Mar 08, 2021 I Nick Redfern

My Thoughts and Hopes for the Thylacine: I’m Still Hopeful!

I'm sure that just about everyone who comes to Mysterious Universe will have seen the story that surfaced recently suggesting that the thylacine might still be alive. Despite all the brouhaha, the story collapsed. That doesn't mean there are no living thylacines, however. What it does mean, though, is that right now we need to keep looking and stay enthusiastic. So, with that letdown, I thought I would share with you a bit about the animal, one of the most intriguing creatures of relatively modern times. Indeed, a bit of background on the thylacine is very much in order. Mainstream zoology is of the opinion the creature is now extinct; it most certainly had a good run: fossilized examples of the creature have been found, demonstrating that it lived as far back as the Miocene period. That’s to say, around 23 to 5 million years ago.

While the thylacine is generally accepted to have died out in Australia thousands of years ago, history has shown it clung on in Tasmania – roughly 150 miles from Australia - until quite recently. Specifically to the 1930s. Not everyone, however, is so sure the creature is completely gone. How do we know? All thanks to the Tasmania Parks and Wildlife Service, and the Australian Government’s Freedom of Information Act, that’s how. Both the TPWS and the Australian government have declassified their files and records on the creature; they are filled with credible sightings of thylacines in Tasmania, and all of which post-date the 1930s; in some cases significantly so. In the TPWS’ own website-based words:

"Since 1936, no conclusive evidence of a thylacine has been found. However, the incidence of reported thylacine sightings has continued. Most sightings occur at night, in the north of the State, in or near areas where suitable habitat is still available. Although the species is now considered to be ‘probably extinct,’ these sightings provide some hope that the thylacine may still exist." As for the Australian Government, it notes at its official webpage on the thylacine:

"Australia is home to some of the world's most unusual and mysterious wildlife. Our native animals, such as the platypus, the koala and the kangaroo, have been a source of wonder and surprise to people the world over. But perhaps our most mysterious animal is the thylacine, or Tasmanian Tiger. There are many reasons why people are fascinated by this animal. Perhaps it is its name and the romantic notion of Australia having its own ‘tiger.’ Perhaps it is its sad history since European settlement, or the fact that there are many people who claim they have seen a Tasmanian Tiger and believe it may not be extinct after all."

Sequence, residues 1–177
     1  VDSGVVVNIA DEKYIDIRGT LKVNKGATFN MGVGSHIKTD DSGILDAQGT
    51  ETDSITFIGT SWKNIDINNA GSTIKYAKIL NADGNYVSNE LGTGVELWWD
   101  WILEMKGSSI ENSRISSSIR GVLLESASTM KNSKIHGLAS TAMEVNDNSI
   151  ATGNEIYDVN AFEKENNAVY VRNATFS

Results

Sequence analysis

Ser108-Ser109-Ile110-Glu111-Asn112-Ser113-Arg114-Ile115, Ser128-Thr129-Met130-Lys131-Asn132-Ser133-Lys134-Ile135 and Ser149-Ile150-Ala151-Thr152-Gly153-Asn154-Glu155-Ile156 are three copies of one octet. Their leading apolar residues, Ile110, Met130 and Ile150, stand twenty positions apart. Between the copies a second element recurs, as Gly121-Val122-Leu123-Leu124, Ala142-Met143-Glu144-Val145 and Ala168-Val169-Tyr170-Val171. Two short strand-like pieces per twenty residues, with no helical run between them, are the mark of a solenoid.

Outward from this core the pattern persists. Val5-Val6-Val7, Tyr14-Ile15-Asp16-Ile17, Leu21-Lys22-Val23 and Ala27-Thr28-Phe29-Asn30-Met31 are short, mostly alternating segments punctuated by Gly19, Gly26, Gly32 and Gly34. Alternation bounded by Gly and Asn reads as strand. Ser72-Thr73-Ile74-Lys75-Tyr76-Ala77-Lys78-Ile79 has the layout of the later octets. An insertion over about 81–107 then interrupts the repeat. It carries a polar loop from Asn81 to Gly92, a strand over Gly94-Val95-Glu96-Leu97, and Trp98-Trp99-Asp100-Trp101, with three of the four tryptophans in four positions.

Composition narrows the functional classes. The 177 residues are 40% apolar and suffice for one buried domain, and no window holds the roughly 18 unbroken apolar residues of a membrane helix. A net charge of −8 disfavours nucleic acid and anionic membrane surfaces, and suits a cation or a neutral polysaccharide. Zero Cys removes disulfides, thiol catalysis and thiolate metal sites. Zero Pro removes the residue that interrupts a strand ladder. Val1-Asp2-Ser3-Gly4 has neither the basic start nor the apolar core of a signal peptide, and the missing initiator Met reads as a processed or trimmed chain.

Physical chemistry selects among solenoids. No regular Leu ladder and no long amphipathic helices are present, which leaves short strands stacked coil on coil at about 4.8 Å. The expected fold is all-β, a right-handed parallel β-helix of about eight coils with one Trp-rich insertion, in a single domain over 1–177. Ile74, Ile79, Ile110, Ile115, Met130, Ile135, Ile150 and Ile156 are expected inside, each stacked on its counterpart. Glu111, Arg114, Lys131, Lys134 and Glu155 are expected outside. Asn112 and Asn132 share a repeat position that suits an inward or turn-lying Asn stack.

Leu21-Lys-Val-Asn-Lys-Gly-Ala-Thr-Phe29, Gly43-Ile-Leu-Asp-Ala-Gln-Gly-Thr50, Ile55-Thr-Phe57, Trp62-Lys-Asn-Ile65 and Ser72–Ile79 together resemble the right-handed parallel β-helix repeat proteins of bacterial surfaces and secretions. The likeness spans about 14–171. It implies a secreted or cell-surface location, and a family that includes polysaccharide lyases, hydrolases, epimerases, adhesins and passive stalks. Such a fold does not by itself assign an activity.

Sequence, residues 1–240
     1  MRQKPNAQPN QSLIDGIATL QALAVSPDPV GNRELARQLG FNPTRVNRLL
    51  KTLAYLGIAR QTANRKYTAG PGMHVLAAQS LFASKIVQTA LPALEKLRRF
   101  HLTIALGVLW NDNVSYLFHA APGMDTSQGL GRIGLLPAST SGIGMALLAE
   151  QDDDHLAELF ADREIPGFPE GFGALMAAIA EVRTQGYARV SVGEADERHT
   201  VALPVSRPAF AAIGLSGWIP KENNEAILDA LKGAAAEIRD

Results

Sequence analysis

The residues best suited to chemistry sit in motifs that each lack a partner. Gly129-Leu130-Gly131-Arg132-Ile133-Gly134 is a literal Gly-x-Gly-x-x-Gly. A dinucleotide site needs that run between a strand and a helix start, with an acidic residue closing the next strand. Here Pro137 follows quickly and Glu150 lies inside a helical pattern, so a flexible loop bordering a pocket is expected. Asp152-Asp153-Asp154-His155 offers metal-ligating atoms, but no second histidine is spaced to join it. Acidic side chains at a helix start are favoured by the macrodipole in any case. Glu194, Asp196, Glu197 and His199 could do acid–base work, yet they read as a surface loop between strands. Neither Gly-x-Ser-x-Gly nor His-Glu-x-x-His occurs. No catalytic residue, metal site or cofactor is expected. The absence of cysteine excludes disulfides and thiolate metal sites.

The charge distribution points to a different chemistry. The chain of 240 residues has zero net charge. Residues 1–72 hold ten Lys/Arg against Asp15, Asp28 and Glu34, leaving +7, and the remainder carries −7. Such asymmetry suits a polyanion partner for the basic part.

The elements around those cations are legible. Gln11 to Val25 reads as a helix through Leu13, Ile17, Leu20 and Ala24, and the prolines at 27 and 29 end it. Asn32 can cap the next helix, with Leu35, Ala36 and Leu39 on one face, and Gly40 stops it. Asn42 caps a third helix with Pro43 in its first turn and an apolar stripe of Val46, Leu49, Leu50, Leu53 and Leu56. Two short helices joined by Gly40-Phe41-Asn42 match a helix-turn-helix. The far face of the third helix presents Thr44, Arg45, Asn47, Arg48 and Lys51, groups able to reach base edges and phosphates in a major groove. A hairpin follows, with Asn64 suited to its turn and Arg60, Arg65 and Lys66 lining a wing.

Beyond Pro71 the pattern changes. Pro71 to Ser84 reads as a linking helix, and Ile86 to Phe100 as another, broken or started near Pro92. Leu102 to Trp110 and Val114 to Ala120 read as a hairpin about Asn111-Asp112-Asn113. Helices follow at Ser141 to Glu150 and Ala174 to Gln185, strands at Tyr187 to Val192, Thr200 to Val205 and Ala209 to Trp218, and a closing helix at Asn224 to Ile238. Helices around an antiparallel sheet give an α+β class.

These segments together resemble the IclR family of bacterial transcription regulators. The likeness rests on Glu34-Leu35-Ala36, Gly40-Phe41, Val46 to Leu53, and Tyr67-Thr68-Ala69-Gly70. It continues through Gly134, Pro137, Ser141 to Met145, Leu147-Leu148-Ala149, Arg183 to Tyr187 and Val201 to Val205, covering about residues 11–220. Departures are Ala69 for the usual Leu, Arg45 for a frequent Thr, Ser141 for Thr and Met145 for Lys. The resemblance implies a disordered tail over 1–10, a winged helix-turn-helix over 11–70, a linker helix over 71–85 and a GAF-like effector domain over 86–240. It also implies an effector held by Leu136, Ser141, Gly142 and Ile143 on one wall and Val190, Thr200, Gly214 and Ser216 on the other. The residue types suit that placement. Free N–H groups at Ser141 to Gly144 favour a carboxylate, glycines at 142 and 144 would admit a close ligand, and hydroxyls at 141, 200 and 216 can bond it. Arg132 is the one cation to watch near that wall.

And as Australian government officials also state: "Although commonly called the Tasmanian Tiger or Tasmanian Wolf, the thylacine has more in common with its marsupial cousin the Tasmanian Devil. With a head like a wolf, striped body like a tiger and backward facing pouch like a wombat, the thylacine was as unbelievable as the platypus which had caused disbelief and uproar in Europe when it was first described. The thylacine looked like a long dog with stripes, a heavy stiff tail and a big head. A fully grown thylacine could measure 180cm from the tip of the nose to the tip of the tail, stand 58cm high at the shoulder and weigh about 30 kilograms. It had short, soft fur that was brown except for the thick black stripes which extended from the base of the tail to the shoulders.”

Also from the Australian Government’s thylacine files: "The thylacine was said to have an awkward way of moving, trotting stiffly and not moving particularly quickly. They walked on their toes like a dog but could also move in a more unusual way - a bipedal hop. The animal would stand upright with its front legs in the air, resting its hind legs on the ground and using its tail as a support, exactly the way a kangaroo does. Thylacines had been known to hop for short distances in this position."

The fact that government agencies are still open-minded to the idea that thylacines might still be with us, makes me think there's just a chance of us finally seeing a living thylacine. One day! Maybe! I hope!

Nick Redfern

Nick Redfern works full time as a writer, lecturer, and journalist. He writes about a wide range of unsolved mysteries, including Bigfoot, UFOs, the Loch Ness Monster, alien encounters, and government conspiracies. Nick has written 41 books, writes for Mysterious Universe and has appeared on numerous television shows on the The History Channel, National Geographic Channel and SyFy Channel.

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